Friday, May 2, 2014

Homeschool and Mother's Journal 5/2

In my life this week:

I finished the spring clothing switch, gave the house a good cleaning on Thursday, continued with the regularly-scheduled homeschooling, and battled headaches, for which I have a doctor's appointment scheduled next week to request the drug Topamax, which helped a friend's migraines. Last but not least, I read this book every spare minute. It's a collection of stories about heroic, faithful women, some missionaries, some not, but oh's a beautiful, inspiring book.

These are the stories of five ordinary women - Sarah Edwards, Lilias Trotter, Gladys Aylward, Esther Ahn Kim, and Helen Roseveare - who trusted in their extraordinary God as he led them to do great things for his Kingdom. Noel Piper holds up their lives and deeds as examples of what it means to be truly faithful. Learning about these women will challenge readers to make a difference for Christ in their families, in the church and throughout the world. Contents: Thank You Crossing - Introduction Sarah Edwards - Faithful in the Mundane Lilias Trotter - Faithful in Weakness Gladys Aylward - Faithful in Humility Esther Ahn Kim - Faithful in Suffering Helen Roseveare - Faithful in Loss

In our homeschool this week:

We're in the Africa portion--the last portion--of our Eastern Hemisphere study. The boys and I have read, or are reading, these books since my last homeschooling post, which was three weeks ago:

"The lion's jaws gripped David Livingstone's arm. Razor-sharp teeth pierced his flesh as the lion savagely shook David in the air like a rag doll. A gunshot rang out. 'God help us,' David moaned, as the lion dropped him and turned to charge David's friend Mebalwe."

With the heart of an explorer and the passion of an evangelist, David Livingstone mapped vast, unexplored areas of Africa, sharing the gospel with whomever he encountered. His stamina, perseverance, and dogged determination created the legacy of a trailblazing explorer with an undying hunger to make Christ known wherever his steps led him.

David Livingstone's captivating adventures and tireless zeal continue to inspire countless men and women to bring the gospel message of God's love to those souls who have never heard.

"Mary Slessor pondered David Livingstone's words, 'I don't care where we go as long as we go forward.' I'm not going anywhere, Mary mused. I'm twenty-seven years old. I work in a cotton mill twelve hours a day. God, Mary prayed, send me somewhere, anywhere, just send me to be a missionary."

God would indeed answer the prayer of the fiery, red-haired woman from Scotland. For thirty-nine years, Mary Slessor would labor in love among the unreached, often treacherous, tribes of Africa's Calabar region. Braving sickness, danger, and death on all sides, Mary became the cherished "White Ma" to entire tribes. Her faith, steadfastness, and pioneering spirit brought her beloved adopted people their first brilliant, contrasting example of the life and freedom found in Jesus Christ.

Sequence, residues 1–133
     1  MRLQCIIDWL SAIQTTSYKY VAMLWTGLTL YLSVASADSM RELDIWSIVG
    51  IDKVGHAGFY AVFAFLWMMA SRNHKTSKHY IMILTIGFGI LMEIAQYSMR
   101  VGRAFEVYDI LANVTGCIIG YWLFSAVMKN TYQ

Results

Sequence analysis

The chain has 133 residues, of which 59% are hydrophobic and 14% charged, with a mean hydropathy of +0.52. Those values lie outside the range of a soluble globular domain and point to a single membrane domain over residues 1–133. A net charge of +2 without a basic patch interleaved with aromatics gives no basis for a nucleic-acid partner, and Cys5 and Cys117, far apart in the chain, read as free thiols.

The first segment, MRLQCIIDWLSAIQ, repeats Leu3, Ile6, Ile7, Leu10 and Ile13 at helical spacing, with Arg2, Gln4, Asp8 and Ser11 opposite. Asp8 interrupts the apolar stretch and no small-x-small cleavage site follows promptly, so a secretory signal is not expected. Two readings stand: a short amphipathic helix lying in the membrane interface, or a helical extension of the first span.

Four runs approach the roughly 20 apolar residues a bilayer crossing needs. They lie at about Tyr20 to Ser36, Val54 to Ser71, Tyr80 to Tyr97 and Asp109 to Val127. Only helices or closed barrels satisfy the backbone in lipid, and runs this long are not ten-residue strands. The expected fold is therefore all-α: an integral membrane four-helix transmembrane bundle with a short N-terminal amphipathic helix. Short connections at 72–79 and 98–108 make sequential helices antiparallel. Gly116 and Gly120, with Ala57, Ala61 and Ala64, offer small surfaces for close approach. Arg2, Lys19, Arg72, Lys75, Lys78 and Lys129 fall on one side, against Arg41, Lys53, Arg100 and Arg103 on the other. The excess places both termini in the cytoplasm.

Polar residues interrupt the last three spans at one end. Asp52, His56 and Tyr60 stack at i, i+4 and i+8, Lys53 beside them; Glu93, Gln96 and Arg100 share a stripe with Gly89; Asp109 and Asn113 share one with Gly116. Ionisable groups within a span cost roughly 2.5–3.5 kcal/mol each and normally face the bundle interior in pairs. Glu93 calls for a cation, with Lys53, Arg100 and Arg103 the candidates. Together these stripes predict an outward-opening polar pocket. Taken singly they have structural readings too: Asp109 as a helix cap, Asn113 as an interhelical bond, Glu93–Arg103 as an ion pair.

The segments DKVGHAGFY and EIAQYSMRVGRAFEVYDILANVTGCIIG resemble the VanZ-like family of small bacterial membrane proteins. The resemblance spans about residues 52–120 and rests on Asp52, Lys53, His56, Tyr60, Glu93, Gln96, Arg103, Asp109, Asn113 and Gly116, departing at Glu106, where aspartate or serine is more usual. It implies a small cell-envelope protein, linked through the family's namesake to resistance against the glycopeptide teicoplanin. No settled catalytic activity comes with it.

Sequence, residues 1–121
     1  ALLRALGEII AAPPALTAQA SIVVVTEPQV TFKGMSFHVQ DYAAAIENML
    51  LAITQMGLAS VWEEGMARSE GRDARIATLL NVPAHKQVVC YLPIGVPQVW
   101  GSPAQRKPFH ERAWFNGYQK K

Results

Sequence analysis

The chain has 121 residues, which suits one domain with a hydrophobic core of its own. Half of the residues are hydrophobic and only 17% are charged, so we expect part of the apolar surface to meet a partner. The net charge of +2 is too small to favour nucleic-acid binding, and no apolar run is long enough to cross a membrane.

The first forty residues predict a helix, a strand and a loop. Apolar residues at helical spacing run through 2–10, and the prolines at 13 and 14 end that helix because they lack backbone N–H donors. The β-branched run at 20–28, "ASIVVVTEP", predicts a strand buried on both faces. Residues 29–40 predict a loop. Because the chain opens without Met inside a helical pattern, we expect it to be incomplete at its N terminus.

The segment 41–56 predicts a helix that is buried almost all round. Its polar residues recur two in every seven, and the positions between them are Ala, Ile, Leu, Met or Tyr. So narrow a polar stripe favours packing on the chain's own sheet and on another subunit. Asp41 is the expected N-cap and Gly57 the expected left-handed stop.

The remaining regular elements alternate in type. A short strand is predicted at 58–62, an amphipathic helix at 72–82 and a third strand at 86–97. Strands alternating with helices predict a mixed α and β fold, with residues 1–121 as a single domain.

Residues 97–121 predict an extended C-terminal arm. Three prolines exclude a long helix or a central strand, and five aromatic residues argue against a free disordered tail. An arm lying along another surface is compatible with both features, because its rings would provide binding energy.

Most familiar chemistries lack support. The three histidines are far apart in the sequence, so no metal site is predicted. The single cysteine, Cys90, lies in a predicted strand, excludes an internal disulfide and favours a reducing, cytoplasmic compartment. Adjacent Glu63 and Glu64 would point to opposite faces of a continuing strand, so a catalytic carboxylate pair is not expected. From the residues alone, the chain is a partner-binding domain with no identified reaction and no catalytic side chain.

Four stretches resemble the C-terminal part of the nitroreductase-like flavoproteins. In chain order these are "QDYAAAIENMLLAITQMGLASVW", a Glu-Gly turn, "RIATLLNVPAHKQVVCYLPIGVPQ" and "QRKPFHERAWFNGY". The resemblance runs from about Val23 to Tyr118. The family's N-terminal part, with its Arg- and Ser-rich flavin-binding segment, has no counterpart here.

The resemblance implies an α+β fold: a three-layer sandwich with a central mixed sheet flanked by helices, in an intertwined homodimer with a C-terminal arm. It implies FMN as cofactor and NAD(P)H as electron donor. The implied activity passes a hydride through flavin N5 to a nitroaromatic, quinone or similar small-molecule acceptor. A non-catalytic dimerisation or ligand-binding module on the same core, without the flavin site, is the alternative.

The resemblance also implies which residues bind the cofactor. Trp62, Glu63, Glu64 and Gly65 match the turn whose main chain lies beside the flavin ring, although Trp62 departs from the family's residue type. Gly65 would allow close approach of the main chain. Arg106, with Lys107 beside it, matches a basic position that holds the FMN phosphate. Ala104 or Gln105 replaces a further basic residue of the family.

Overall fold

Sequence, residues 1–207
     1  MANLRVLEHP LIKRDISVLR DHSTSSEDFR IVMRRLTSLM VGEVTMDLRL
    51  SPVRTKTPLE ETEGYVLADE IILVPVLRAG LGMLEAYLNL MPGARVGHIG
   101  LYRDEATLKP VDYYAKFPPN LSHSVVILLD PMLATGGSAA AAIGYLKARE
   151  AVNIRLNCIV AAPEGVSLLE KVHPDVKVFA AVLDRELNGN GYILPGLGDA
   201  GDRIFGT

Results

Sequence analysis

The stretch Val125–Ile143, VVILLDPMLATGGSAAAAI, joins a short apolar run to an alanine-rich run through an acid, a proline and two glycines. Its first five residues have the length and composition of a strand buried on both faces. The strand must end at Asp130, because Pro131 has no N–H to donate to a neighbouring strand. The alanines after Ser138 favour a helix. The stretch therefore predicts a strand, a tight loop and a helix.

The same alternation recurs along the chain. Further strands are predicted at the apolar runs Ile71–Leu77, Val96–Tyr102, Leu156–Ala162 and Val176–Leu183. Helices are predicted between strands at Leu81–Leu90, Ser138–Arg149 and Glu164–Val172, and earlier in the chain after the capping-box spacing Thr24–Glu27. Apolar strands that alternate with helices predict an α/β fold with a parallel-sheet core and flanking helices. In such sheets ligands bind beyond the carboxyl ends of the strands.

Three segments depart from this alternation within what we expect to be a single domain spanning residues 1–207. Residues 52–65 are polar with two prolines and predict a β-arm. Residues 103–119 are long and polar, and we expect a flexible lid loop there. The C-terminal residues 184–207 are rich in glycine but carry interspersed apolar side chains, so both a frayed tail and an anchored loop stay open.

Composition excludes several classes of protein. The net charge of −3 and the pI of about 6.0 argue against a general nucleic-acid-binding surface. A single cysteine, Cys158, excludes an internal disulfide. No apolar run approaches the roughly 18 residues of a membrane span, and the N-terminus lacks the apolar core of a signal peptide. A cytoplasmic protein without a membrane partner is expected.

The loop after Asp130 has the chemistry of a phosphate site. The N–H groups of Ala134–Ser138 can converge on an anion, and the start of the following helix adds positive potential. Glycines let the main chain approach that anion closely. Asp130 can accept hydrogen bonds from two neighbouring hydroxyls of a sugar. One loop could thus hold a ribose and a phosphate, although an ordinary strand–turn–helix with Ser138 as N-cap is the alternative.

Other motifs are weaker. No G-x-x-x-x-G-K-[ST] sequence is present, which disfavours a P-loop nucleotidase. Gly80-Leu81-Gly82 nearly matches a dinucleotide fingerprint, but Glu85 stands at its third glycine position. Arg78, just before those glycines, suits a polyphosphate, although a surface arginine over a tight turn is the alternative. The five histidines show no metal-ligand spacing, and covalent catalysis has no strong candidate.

Mary Slessor's story is an ageless epic of a woman who would stop at nothing to reach the lost with the life-giving gospel of Christ.

Louis Braille, blinded at age three, was determined to learn and be as much like other people as possible. In the early 1800s disabled children did not go to school; instead, they became outcasts. But Louis was the exception. He relied on his memory, which enabled him to do well — but he still wanted to read. When he was 12, he invented a raised dot alphabet. This alphabet became known as Braille, and is now used around the world
Louis did not use his blindness to disable him, instead he found a way to experience and enjoy life. Fast paced and engaging, this story gives us a man who is an inspiration and wonderful role model, and the reader will be anxious to find out what happens in each of the dilemmas Louis encounters. As a hands-on bonus, the Braille alphabet can be found at the back of the book: readers are asked to close their eyes and read with their fingers. An excellent choice for young readers.

He was named 'Sham' for the sun, this golden red stallion born in the Sultan of Morocco's stone stables. Upon his heel was a small white spot, the symbol of speed. But on his chest was the symbol of misfortune. Although he was as swift as the desert winds, Sham's proud pedigree would be scorned all his life by cruel masters and owners. This is the classic story of Sham and his friend, the stable boy Agba. Their adventures take them from the sands of the Sahara to the royal courts of France and, finally, to the green pastures and stately homes of England. For Sham was the renowned 'Godolphin Arabian' whose blood flows through the veins of almost every superior Thoroughbred. Sham's speed, like his story, has become legendary.